On Friday, July 11, Colombian President Alvaro Uribe will meet
Venezuelan President Hugo Chávez in Caracas. The meeting
will allow Chavez to put a smiley face on relations with
neighboring Colombia. There will be abrazos-few since
Chairman Khrushchev have doled out the hugs like Hugo. Both
Chávez and Uribe will, presumably without their noses
growing, speak of good relations between their nations.
Yet, behind this façade of Andean affection lies a heavy
dose of diplomatic amnesia. Barely four months ago, the
Colombians-operating just across the Ecuadorian border-eliminated
Raul Reyes, second in command of the Revolutionary Armed Force of
Colombia (FARC). In the days following Reyes's death, President
Chávez commanded his generals to dispatch tanks and troops
to the border with Colombia.
Subsequently, Chávez, along with Presidents Correa of
Ecuador and Ortega of Nicaragua, moved to sever relations with
Colombia, seeking to transform Bogotá into an international
pariah. Appearing before the Latin American presidents at the Rio
Group in early March, a dignified but humbled President Uribe had
little choice but to pledge not to attack the FARC when it sought
sanctuary in safe havens outside of Colombia.
In response to President Uribe's concessions, Chávez
personally excoriated the Colombian leader as "mafia" and a lapdog
of U.S. imperialism. He praised Reyes as a good revolutionary and
romanticized the FARC as cutting-edge, Bolivarian insurgents keen
on driving Uribe and the U.S. out of Colombia. Suddenly, Uribe's
terrorists were reinvented as Chavez's freedom fighters.
How quickly things can change.
Keeping the FARC in Check.
"Operation Checkmate," the brilliantly executed July 2
rescue of 15 hostages-including high-profile captive Ingrid
Betancourt, three American citizens, and 11 soldiers and police-was
a brilliant triumph of intelligence, coordination, and deception.
The audacious rescue casts an entirely different light on President
Uribe, the Colombian government, and the FARC. Most Colombians
reacted as if their nation had just won the World Cup, and Uribe
now enjoys above 90 percent approval rating.
The only losers in this geopolitical chess move were the FARC
and a handful of Colombian politicians-such as Senator Piedad
Cordoba-whose reputations were scorched by too close an association
with the FARC. The Colombian government has made it clear that the
heartless jailors of the Americans and Ms. Betancourt are on the
fast track for extradition to the U.S.
The events of the past few months have left the FARC reeling.
The deaths of three of the FARC's leadership-including guerrilla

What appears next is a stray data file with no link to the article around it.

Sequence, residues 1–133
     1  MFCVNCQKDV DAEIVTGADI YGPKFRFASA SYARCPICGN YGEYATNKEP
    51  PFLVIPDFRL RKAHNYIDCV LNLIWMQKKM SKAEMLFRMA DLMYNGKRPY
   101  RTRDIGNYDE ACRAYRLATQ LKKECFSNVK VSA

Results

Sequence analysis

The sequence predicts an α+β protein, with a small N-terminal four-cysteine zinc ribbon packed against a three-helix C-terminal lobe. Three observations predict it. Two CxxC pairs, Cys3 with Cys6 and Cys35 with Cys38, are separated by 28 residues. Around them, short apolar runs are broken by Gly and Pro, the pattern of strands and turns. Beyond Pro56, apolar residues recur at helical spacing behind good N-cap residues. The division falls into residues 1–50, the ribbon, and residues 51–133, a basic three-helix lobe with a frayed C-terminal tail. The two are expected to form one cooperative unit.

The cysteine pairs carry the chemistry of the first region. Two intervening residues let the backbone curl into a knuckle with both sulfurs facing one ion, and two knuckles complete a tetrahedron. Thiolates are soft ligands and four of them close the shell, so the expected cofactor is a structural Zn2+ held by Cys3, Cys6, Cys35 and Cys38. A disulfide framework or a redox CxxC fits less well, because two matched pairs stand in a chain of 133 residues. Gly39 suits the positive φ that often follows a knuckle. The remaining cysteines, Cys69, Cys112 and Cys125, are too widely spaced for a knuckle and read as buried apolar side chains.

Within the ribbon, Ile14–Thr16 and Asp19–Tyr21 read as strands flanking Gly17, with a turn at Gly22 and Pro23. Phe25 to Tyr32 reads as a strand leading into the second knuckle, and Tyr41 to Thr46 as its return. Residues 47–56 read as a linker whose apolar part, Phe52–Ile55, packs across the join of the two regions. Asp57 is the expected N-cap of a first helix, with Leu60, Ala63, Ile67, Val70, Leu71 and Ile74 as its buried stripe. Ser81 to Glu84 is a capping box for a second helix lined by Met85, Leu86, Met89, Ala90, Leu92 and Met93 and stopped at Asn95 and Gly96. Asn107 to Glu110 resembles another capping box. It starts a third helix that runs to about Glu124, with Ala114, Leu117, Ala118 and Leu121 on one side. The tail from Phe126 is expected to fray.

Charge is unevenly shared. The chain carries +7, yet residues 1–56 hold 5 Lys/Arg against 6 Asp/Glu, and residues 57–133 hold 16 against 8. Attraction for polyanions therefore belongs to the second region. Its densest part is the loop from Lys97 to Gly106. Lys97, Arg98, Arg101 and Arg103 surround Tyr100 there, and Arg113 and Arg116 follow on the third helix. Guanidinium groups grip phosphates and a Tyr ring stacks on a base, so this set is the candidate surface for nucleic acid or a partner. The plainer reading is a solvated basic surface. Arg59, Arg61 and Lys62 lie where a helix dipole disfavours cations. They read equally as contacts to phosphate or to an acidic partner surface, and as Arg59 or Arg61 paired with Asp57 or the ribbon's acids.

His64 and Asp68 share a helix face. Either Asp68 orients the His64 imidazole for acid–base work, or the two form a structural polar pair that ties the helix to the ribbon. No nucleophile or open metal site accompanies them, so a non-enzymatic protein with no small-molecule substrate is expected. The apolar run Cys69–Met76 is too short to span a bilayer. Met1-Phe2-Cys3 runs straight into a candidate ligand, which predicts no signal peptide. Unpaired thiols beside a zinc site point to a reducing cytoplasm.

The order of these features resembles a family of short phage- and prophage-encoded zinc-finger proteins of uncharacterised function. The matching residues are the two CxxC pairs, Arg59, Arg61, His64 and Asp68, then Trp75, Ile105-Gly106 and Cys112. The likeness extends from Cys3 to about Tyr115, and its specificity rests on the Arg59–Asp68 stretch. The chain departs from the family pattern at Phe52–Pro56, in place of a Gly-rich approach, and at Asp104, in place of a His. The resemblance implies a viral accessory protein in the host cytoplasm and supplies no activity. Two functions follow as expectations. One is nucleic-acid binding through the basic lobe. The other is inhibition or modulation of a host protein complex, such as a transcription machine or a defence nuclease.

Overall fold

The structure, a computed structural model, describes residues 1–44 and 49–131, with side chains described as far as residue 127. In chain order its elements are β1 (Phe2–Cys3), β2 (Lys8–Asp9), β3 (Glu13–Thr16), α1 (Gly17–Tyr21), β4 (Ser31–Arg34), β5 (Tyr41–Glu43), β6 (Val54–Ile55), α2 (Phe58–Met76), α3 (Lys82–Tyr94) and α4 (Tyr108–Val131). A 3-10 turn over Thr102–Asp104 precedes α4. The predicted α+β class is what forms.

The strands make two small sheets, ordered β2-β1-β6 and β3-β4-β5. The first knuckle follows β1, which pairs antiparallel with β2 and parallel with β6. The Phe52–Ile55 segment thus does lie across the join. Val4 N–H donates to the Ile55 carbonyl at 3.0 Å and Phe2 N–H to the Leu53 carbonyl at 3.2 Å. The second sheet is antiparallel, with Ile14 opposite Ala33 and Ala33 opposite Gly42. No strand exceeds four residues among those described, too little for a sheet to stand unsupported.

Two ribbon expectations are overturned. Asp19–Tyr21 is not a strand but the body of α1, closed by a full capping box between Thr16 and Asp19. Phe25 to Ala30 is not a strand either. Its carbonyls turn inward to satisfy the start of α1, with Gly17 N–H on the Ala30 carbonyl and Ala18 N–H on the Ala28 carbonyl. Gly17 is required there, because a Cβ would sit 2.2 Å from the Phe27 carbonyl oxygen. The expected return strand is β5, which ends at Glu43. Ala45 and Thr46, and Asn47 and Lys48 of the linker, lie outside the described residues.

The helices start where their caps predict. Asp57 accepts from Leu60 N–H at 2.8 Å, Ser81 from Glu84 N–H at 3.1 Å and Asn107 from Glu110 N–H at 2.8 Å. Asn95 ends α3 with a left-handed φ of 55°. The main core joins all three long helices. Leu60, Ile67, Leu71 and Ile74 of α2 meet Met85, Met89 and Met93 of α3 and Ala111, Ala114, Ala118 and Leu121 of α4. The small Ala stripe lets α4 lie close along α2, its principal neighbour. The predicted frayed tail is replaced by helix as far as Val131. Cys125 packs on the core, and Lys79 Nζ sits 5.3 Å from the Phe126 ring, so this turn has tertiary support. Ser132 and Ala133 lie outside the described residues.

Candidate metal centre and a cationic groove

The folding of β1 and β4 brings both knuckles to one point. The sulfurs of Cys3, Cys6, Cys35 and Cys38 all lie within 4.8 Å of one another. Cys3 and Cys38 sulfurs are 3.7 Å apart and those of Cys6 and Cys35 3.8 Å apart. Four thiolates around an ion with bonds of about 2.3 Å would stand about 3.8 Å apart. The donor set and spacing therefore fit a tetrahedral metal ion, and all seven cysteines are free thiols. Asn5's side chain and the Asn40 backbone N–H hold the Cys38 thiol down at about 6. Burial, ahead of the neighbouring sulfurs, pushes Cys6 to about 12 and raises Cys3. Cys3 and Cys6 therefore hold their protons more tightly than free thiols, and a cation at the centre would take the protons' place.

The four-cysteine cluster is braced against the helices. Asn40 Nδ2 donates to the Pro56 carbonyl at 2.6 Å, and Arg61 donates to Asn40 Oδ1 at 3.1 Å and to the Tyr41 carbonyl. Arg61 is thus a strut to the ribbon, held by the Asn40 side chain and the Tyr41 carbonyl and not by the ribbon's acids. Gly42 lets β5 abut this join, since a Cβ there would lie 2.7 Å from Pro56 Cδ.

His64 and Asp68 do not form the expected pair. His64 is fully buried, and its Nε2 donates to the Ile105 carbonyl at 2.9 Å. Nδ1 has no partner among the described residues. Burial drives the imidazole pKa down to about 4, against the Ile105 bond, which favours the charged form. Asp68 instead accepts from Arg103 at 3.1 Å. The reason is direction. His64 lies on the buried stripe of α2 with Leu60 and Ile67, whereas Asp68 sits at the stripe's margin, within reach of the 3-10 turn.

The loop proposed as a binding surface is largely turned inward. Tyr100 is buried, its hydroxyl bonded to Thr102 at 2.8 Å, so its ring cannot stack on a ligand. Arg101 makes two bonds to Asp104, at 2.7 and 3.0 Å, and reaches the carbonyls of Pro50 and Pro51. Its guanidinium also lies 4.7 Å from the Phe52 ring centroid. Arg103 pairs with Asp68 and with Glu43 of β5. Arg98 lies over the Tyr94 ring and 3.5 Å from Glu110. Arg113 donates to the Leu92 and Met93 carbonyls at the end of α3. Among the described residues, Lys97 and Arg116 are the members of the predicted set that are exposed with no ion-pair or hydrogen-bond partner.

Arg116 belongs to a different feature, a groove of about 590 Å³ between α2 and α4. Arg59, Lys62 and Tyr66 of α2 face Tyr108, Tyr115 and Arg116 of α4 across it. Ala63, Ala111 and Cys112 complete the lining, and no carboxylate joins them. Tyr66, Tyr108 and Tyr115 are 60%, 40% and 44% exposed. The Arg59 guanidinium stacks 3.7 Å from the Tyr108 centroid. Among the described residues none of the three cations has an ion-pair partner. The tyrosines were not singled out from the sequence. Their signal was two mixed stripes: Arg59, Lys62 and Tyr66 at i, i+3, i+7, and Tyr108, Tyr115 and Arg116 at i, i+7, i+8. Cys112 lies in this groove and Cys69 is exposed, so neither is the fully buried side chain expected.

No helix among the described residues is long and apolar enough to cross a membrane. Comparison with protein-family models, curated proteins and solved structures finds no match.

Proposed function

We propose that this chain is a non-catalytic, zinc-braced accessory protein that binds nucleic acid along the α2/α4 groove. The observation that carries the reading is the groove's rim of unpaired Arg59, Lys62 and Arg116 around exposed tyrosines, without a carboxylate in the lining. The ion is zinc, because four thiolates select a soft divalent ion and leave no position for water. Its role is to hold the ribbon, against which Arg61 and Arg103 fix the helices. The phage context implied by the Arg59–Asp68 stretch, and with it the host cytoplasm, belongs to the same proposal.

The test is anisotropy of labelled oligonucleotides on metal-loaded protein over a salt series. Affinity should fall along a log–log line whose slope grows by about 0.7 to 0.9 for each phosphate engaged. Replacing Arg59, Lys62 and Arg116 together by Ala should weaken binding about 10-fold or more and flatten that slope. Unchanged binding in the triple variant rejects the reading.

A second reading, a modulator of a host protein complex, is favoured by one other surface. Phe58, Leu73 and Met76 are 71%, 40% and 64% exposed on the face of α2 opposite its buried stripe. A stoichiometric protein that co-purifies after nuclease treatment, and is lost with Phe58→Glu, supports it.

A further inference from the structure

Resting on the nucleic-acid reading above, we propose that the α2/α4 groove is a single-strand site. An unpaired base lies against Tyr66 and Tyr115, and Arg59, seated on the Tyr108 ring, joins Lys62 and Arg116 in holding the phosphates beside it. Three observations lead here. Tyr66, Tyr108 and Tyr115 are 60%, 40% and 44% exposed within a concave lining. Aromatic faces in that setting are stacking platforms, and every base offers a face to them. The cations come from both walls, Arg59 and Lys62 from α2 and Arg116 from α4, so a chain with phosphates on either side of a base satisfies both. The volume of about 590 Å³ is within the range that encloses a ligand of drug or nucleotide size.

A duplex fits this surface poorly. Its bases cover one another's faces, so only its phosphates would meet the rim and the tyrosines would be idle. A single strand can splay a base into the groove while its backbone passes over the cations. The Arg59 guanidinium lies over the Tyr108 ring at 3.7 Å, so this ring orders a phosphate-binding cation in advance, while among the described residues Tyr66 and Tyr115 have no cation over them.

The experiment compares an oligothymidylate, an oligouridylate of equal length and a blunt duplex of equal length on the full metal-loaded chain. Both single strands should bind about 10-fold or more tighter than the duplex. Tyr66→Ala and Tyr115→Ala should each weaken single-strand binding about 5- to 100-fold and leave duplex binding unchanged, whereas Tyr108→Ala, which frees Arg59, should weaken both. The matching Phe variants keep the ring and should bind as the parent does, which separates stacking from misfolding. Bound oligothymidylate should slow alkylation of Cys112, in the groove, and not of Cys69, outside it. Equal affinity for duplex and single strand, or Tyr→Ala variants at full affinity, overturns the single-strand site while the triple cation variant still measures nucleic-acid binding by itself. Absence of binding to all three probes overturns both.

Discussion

legend Manuel Marulanda, aka "Sureshot"-has left the organization
partially decapitated. The group is harried and hounded by an
aggressive, increasingly confident Colombian military. Deprived of
safe havens and logistical support, the FARC now slinks toward the
borders. Cash to buy bullets and coca paste are increasingly in
As a result, is it any surprise over 2,000 FARC fighters
deserted in 2007? After all, the FARC's new intellectual leader,
Alfonso Cano, and its ruthless war strategist "Mono Jojoy" must
literally run through the Colombian jungle to survive.
Fork in the Road.
The FARC is also isolated from political support, with
approximately 97 percent of Colombians opposing the organization.
The capture of computers belonging to Raul Reyes, whose contents
were authenticated by Interpol, was akin to lifting a large boulder
and exposing the slimy earth below; foreign support for the FARC
was thrust into the harsh glare of international scrutiny.
Incapable of dealing a lethal military blow against the Uribe
government, the FARC has reached the proverbial fork in the road.
It can either resort to random but bloody terrorism-the Colombian
military has recently discovered several caches of explosives-or it
can look for an end-game scenario. For instance, the FARC can
release the additional 700 hostages it holds and enter into serious
peace talks, leading ultimately to a laying down of arms and a
return to civilian life.
President Chávez's change of heart in June-when he said
the day of the guerrilla was over in Latin America-has not passed
unnoticed. While not of the Saul on the Road to Damascus variety,
Chávez's conversion certainly indicates a shift of political
The Fat Lady Is Warming Up.
Regardless of his motives, Chávez has an opportunity to
cease being the problem and become part of the solution by
expelling the two senior FARC leaders who move freely throughout
Venezuela. Quietly, Chávez can remove the welcome mat
previously extended to FARC fighters and cease providing logistical
With slumping approval ratings, rising inflation and crime, and
food shortages, Chávez must tend to the home fires. He can
practice the non-interventionism he preaches and strengthen
legitimate commercial ties with Colombia, which is increasingly a
supplier of agricultural products to his poorly managed and
The Organization of American States-which recently urged the
FARC to release its hostages and begin taking the path to peace-as
well as the new Union of South American States (UNASUR) can help.
Peace in Colombia and an end of the FARC as a criminal-terrorist
army can be a beneficial situation for all of Latin America.
As for the U.S., robust funding for Plan Colombia and
passage of the free trade deal with Colombia legislation are
While the fat lady has not yet begun to sing, she may be warming
up in a dressing room somewhere in Caracas.
Ray Walser, Ph.D.,
is Senior Policy Analyst for Latin America in the Douglas and Sarah
Allison Center for Foreign Policy Studies, a division of the
Kathryn and Shelby Cullom Davis Institute for International
Studies, at The Heritage Foundation.